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"Hopes and Dreams Help People to Survive, Even if they can Never Become Real"How is this true for George and Lennie/ the characters in 'Of Mice and Men'?

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Caroline Seely 11H "Hopes and Dreams Help People to Survive, Even if they can Never Become Real" How is this true for George and Lennie/ the characters in 'Of Mice and Men'? An important theme in 'Of Mice and Men' is that of hopes and dreams. The main dream is that of George and Lennie to own a smallholding and work self-sufficiently. Indeed the story both begins and ends with George narrating the dream to Lennie. As well as George and Lennie other characters such as Candy, Crooks, Curley and Curley's wife have dreams also. All of these hopes and dreams affect the way the characters behave throughout the novel. The book is set during the American depression of the 1930s after the Wall Street Crash of 1929. During this period many Americans struggled to make ends meet. Many left their old lives in the cities of the East, such as Boston or New York, and travelled West to forge new lives for themselves based on agriculture, " An' live off the fatta the lan'." This became the 'American Dream,' this is the dream of George and Lennie. For George the dream serves two main roles. The first is that it makes him strive towards something, giving him ambition and a fantasy of betterment. This makes him a better person because he is careful with his money, doesn't go out drinking or to the brothel, but instead is careful of his responsibilities, "Me ...read more.


Candy uses the dream to escape from his lonely and dull life where he feels worthless. Even though he may know it will never become real it gives him, too, something to work for and some comfort, as he will then be looked after in his old age. The relationship between George and Lennie is mirrored in the relationship between Candy and his dog. Candy could not shoot his dog but got Carlson to do it for him. He soon regretted allowing this, "I ought to of shot that dog myself, George. I shouldn't ought to of let no stranger shoot my dog." This prepares the reader for George shooting Lennie and shows that it was the right thing to do. Crooks also gets caught up in the dream despite how much more cynical he is, "You guys is just kiddin' yourself. You'll talk about it a hell of a lot, but you wont get no land." This shows how powerful this particular dream is, how they have made it so real as even Crooks want to believe the dream can come true despite what he knows about the world. As the novel progresses the reader becomes more and more like Crooks and pessimistic about the dream ever becoming realised. The dream helps Crooks feel accepted by white men as he is now a part of their dream and included by them. ...read more.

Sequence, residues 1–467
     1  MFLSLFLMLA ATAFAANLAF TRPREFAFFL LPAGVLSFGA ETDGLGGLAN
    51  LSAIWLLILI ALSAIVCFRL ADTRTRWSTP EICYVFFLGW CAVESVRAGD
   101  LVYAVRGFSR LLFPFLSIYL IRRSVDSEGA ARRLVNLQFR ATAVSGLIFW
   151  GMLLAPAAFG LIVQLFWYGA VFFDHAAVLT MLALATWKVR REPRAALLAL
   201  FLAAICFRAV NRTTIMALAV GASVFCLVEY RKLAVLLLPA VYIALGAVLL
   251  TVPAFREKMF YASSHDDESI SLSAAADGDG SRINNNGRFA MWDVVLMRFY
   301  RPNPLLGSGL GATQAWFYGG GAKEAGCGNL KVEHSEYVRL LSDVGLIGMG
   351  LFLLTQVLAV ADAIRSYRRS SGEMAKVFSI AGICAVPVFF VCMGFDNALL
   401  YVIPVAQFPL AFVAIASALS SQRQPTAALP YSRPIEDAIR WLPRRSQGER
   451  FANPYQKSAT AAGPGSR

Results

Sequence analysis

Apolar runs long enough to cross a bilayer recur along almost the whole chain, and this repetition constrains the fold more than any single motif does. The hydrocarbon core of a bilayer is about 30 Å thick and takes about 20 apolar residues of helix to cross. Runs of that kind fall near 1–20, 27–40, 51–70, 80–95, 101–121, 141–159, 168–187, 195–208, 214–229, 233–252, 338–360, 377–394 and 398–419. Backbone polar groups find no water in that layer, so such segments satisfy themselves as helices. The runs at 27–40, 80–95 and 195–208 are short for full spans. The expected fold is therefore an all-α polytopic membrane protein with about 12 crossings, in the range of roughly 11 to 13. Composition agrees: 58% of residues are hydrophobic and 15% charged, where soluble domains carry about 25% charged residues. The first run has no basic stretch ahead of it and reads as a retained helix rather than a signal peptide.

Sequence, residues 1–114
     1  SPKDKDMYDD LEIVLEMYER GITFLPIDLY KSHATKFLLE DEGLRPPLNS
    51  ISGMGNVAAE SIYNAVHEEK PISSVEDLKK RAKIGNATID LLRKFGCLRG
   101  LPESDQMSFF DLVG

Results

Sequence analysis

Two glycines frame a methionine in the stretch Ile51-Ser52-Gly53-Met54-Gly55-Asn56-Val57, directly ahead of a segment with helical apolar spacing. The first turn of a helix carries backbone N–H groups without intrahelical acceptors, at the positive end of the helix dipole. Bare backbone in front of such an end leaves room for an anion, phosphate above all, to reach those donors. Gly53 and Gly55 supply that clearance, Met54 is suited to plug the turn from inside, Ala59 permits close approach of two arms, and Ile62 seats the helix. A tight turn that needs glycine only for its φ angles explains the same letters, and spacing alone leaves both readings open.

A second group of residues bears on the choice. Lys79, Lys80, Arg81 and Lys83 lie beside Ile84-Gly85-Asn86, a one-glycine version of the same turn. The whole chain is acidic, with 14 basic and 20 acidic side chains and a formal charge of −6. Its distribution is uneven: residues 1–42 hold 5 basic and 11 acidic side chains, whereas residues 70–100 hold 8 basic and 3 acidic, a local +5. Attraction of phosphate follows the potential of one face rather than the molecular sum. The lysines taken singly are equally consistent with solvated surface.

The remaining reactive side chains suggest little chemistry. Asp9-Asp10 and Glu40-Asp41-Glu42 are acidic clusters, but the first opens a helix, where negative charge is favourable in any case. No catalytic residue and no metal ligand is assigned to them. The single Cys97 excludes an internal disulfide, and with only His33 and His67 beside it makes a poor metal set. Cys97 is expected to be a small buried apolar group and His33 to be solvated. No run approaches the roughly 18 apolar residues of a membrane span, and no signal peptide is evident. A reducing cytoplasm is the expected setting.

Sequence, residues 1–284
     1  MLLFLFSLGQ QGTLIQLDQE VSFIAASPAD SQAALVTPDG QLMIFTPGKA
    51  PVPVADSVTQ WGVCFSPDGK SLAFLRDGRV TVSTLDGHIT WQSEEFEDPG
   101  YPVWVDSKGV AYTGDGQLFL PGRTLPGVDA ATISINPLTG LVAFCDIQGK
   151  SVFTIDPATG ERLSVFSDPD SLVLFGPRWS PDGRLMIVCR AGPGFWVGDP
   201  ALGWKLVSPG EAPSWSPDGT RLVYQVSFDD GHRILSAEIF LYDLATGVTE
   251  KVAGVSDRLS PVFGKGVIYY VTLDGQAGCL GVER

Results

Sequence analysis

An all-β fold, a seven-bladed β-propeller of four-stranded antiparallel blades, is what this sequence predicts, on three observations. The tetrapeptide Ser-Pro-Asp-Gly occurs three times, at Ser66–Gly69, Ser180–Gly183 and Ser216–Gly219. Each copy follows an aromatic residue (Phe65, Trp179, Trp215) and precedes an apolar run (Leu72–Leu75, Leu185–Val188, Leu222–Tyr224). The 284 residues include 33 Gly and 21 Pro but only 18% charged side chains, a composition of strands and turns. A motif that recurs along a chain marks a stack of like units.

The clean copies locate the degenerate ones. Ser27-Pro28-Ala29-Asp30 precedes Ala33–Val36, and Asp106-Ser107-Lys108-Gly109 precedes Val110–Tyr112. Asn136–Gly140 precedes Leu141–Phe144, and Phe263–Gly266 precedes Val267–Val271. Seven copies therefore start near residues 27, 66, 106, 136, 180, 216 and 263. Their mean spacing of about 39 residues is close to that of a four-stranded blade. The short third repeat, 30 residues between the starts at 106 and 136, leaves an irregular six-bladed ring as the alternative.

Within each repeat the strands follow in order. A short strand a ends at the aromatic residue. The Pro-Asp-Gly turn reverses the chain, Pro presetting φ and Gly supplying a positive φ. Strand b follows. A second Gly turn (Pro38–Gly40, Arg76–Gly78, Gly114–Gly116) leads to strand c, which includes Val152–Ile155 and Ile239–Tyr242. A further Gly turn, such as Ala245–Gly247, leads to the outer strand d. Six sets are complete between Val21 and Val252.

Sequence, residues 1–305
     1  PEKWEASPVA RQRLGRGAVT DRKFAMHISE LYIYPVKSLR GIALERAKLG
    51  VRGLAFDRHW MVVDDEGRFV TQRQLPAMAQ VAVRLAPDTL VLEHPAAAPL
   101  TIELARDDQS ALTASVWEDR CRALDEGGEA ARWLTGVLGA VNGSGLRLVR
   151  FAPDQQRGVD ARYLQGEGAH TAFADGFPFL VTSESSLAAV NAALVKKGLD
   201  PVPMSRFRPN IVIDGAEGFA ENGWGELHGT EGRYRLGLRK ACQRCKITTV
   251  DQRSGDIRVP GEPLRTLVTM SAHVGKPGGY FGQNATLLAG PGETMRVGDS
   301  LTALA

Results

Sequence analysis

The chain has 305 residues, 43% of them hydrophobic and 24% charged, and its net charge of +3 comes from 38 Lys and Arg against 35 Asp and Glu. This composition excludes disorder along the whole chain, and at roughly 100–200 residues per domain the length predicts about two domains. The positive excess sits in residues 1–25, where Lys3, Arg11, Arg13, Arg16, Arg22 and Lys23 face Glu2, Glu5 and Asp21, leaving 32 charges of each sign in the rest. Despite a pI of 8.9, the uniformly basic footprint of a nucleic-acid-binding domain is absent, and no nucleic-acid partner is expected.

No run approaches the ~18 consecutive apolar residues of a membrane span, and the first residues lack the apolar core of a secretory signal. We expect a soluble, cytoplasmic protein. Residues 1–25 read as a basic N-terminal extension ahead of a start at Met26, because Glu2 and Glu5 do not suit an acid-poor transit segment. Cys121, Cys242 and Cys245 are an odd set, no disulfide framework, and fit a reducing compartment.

In this theme Steinbeck is commenting that mankind is never satisfied and that dreams are an essential part of survival. Steinbeck's use of colloquial language for the dialogue between the ranch workers for example "...an' I'd get a job an' make up the res', an' you could sell eggs an' stuff like that" to make the story seem more realistic and alive. It also gives us an idea of how they spoke and makes the book more enjoyable for the reader. Using a great deal of dialogue in the book makes it more interesting and easier to read. Steinbeck uses light and darkness to focus the reader's attention throughout the novel. Such as in the third chapter, the bunkhouse is completely dark but when George and Slim enter, the electric light over the card table is switched on and the focus is then on the conversation at the card table as there is darkness all around. And even though there are voices from the darkness the reader's attention remains with Slim and George. Steinbeck does not use huge amounts of description however the way that he does describe the events is sufficient to make it seem as though you are actually there or allow you understand what it would be like. By saying "the thuds and occasional clangs of a horseshoe game" you can hear it in your mind and this helps the reader imagine the scene easily. In this way Steinbeck brings the characters dream to life. ...read more.

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